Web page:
17.  Genome-wide association study of CSF biomarkers Aβ1-42, t-tau, and p-tau181p in the ADNI cohort 
Neurology  2010;76(1):69-79.
Objectives:
CSF levels of Aβ1-42, t-tau, and p-tau181p are potential early diagnostic markers for probable Alzheimer disease (AD). The influence of genetic variation on these markers has been investigated for candidate genes but not on a genome-wide basis. We report a genome-wide association study (GWAS) of CSF biomarkers (Aβ1-42, t-tau, p-tau181p, p-tau181p/Aβ1-42, and t-tau/Aβ1-42).
Methods:
A total of 374 non-Hispanic Caucasian participants in the Alzheimer's Disease Neuroimaging Initiative cohort with quality-controlled CSF and genotype data were included in this analysis. The main effect of single nucleotide polymorphisms (SNPs) under an additive genetic model was assessed on each of 5 CSF biomarkers. The p values of all SNPs for each CSF biomarker were adjusted for multiple comparisons by the Bonferroni method. We focused on SNPs with corrected p < 0.01 (uncorrected p < 3.10 × 10−8) and secondarily examined SNPs with uncorrected p values less than 10−5 to identify potential candidates.
Results:
Four SNPs in the regions of the APOE, LOC100129500, TOMM40, and EPC2 genes reached genome-wide significance for associations with one or more CSF biomarkers. SNPs in CCDC134, ABCG2, SREBF2, and NFATC4, although not reaching genome-wide significance, were identified as potential candidates.
Conclusions:
In addition to known candidate genes, APOE, TOMM40, and one hypothetical gene LOC100129500 partially overlapping APOE; one novel gene, EPC2, and several other interesting genes were associated with CSF biomarkers that are related to AD. These findings, especially the new EPC2 results, require replication in independent cohorts.
doi:10.1212/WNL.0b013e318204a397
PMCID: PMC3030225  PMID: 21123754
18.  Hippocampal atrophy rates and CSF biomarkers in elderly APOE2 normal subjects(e–Pub ahead of print) 
Neurology  2010;75(22):1976-1981.
Objective:
To determine whether elderly normal APOE E2 (APOE2) carriers exhibit slower rates of hippocampal atrophy and memory decline compared to APOE3/3 carriers. We also determined whether APOE2 carriers have less Alzheimer pathology as reflected by CSF biomarkers.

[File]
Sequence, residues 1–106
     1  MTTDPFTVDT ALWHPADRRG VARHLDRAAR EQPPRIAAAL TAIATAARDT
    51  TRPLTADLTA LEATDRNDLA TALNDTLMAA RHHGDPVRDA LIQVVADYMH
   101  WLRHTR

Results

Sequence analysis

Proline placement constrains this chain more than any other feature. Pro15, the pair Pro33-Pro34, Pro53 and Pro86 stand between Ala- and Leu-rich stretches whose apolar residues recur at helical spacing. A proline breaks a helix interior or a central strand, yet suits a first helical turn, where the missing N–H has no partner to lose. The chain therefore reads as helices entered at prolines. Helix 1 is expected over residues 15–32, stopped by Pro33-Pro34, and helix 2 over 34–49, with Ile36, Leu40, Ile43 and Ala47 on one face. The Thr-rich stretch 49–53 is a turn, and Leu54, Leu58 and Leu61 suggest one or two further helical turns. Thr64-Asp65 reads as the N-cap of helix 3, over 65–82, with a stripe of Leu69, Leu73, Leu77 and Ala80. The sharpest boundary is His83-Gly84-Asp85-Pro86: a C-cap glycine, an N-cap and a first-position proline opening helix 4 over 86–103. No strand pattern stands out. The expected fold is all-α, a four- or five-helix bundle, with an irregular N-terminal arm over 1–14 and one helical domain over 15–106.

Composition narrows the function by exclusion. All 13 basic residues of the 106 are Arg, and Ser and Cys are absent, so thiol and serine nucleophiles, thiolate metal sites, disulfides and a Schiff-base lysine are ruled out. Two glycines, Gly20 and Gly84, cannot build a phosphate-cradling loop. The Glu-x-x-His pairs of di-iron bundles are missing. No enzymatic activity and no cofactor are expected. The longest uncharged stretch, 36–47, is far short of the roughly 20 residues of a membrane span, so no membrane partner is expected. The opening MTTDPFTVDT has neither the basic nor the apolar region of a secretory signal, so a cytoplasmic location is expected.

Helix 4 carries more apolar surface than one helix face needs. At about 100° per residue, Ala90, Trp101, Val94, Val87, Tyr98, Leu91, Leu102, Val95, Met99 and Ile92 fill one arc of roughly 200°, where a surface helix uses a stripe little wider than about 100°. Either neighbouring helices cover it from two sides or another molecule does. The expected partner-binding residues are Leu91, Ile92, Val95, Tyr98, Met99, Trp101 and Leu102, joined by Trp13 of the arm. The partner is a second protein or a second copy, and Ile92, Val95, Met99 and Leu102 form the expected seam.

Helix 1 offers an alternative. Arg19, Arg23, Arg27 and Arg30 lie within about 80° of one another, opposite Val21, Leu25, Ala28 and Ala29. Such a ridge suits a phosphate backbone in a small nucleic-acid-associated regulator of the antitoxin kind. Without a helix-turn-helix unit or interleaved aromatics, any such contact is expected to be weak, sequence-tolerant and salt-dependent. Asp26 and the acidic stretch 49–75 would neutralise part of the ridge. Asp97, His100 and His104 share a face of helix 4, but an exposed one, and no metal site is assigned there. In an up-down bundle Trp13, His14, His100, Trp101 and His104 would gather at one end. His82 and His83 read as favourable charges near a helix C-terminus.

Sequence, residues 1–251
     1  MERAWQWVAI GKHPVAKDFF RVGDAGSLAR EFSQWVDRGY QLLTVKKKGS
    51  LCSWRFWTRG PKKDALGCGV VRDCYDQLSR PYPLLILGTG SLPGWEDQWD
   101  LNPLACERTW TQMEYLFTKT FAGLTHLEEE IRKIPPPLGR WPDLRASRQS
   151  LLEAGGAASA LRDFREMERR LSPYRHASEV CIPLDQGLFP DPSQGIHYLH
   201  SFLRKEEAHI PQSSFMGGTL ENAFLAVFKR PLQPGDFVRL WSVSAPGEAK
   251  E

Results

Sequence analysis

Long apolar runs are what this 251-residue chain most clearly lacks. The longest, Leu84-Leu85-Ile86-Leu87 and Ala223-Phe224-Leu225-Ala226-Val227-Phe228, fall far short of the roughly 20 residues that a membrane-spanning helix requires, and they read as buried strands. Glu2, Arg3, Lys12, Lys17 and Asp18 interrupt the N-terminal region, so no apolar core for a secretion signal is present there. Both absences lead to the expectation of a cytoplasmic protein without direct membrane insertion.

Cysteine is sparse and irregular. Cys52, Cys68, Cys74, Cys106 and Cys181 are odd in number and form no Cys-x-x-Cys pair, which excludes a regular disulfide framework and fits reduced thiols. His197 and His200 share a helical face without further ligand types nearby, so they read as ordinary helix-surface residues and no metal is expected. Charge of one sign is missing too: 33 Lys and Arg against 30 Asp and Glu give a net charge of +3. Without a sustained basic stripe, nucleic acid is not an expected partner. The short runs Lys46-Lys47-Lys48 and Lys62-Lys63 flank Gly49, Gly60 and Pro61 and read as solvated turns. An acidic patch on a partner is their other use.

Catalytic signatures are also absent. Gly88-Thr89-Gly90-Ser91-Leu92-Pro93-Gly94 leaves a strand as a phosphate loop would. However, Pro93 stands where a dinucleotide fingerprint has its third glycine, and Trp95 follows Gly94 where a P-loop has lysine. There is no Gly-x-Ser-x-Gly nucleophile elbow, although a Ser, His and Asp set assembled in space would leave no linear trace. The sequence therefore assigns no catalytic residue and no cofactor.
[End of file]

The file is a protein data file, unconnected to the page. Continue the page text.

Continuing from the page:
Methods:
We included longitudinal data from 134 cognitively normal individuals (27 APOE2/2 or E2/3, 107 APOE3/3) from the Alzheimer's Disease Neuroimaging Initiative, a prospective cohort study. A linear mixed-effects model was used to determine how APOE2 affected rates of hippocampal atrophy and cognitive change over time. In a subsample of 72 individuals who also underwent CSF analysis, an ordinary least-squares regression was used to determine whether CSF β-amyloid (Aβ), total tau, and phosphorylated tau-181 (p-tau) differed by APOE2 status.
Results:
APOE2 carriers demonstrated slower rates of hippocampal atrophy (p = 0.004). The mean rate of hippocampal atrophy among APOE2 carriers was −33 mm3/year (95% confidence interval −65 to +0.4), or −0.5%/year, compared to −86 mm3/year (95% confidence interval −102 to −71), or −1.3%/year, in the APOE3/3 group. No differences in the rates of episodic memory (p = 0.23) or overall cognitive change (p = 0.90) were detected. In the CSF subsample, APOE2 carriers had higher levels of CSF Aβ (p = 0.01), lower p-tau (p = 0.02), and marginally lower tau (p = 0.12).
Conclusion:
A slower rate of hippocampal atrophy in normal APOE2 carriers is consistent with the lower risk of Alzheimer disease in these individuals. We hypothesize that the slower atrophy rate is related to decreased preclinical Alzheimer pathology.
GLOSSARY
= β-amyloid;
= Alzheimer disease;
= Alzheimer's Disease Assessment Scale Cognitive Subscale;
= Alzheimer's Disease Neuroimaging Initiative;
= mild cognitive impairment;
= magnetization-prepared rapid gradient echo;
= phosphorylated tau-181;
= Wechsler Memory Scale–Revised.
doi:10.1212/WNL.0b013e3181ffe4d1
PMCID: PMC3014234  PMID: 20980669
19.  Risk of dementia in MCI 
Neurology  2009;72(17):1519-1525.
Objective:
To investigate the combined ability of hippocampal volumes, 1H magnetic resonance spectroscopy (MRS) metabolites, and cerebrovascular disease to predict the risk of progression to dementia in mild cognitive impairment (MCI).
Methods:
We identified 151 consecutively recruited subjects with MCI from the Mayo Clinic Alzheimer’s Disease Research Center and Patient Registry who underwent MRI and 1H MRS studies at baseline and were followed up with approximately annual clinical examinations. A multivariable proportional hazards model that considered all imaging predictors simultaneously was used to determine whether hippocampal volumes, posterior cingulate gyrus 1H MRS metabolites, white matter hyperintensity load, and presence of cortical and subcortical infarctions are complementary in predicting the risk of progression from MCI to dementia.
Results: